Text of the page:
Controlling the flake size of bifunctional 2D WSe2 nanosheets as flexible binders and supercapacitor materials†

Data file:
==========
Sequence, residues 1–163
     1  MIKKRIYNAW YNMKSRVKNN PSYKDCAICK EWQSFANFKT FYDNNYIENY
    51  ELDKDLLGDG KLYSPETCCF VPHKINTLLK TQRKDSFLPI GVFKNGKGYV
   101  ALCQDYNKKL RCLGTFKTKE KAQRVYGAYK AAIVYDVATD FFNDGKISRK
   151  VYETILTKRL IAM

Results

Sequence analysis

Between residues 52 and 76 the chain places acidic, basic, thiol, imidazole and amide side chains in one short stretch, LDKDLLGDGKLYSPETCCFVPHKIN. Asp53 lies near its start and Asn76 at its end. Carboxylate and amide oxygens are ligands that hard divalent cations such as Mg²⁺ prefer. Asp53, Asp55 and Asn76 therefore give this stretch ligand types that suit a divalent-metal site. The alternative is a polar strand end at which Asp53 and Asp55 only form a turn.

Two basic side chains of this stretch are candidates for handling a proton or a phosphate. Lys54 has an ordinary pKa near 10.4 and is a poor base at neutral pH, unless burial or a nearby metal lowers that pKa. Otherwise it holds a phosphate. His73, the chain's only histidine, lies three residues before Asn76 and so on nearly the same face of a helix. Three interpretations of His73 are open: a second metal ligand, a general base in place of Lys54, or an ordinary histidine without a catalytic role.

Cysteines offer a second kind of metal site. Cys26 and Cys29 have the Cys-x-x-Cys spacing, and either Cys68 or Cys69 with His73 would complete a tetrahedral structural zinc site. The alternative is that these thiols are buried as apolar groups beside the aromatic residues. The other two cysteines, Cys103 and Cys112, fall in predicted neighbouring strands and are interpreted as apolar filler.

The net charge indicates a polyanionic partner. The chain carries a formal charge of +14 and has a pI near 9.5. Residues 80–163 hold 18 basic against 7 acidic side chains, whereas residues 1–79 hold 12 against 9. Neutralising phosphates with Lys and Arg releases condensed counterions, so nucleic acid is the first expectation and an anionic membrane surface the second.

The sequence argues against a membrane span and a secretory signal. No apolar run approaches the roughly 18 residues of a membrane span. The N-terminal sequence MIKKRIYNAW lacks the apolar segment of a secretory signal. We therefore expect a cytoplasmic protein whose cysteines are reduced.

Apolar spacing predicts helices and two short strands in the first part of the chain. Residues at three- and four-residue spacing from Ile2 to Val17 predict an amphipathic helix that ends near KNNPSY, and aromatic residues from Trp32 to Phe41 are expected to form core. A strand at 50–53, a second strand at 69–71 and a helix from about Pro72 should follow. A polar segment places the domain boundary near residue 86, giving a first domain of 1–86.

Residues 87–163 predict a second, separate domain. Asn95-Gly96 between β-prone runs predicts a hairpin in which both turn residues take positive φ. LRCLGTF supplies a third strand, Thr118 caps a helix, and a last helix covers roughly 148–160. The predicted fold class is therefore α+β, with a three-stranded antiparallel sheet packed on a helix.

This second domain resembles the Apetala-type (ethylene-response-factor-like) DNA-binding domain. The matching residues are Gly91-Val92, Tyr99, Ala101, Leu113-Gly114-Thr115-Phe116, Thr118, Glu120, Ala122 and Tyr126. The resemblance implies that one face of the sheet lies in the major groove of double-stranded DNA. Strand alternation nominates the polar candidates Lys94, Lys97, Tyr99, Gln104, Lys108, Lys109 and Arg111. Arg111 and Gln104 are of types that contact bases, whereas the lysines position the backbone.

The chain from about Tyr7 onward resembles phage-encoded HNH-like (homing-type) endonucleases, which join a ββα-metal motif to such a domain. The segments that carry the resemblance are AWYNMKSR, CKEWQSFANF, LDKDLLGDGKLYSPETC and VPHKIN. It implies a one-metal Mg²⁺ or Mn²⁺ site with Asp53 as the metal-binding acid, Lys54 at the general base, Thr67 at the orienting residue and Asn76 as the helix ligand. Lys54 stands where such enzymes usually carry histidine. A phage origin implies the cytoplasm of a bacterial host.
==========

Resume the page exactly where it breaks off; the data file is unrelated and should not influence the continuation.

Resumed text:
A new approach using graphene as a conductive binder in electrical supercapacitors has recently been proposed. Graphene shows outstanding properties as a conductive binder, and can be used to replace conductive, additive, and polymer binders. However, graphene follows an EDLC behaviour, which may limit its electrochemical performance. In the process described in this work, we introduced WSe2 nanoflakes as a new approach to using pseudocapacitive materials as binders. The WSe2 nanoflakes were produced through liquid phase exfoliation of bulk WSe2, and the flake size was finely selected using a controlled centrifugation speed. The physical and electrochemical properties of the exfoliated WSe2 flakes were analysed; it was found that the smallest flakes (an average flake size of 106 nm) showed outstanding electrochemical properties, expanding our understanding of transition metal dichalcogenide (TMD) materials, and we were able to demonstrate the applicability of using WSe2 as a binder in supercapacitor electrodes. We also successfully replaced conductive additives and polymer binders with WSe2. The overall performance was improved: capacitance was enhanced by 35%, charge transfer resistance reduced by 73%, and self-discharge potential improved by 9%. This study provides an alternative application of using TMD materials as pseudo capacitive binders, which should lead to the continued development of energy storage technology.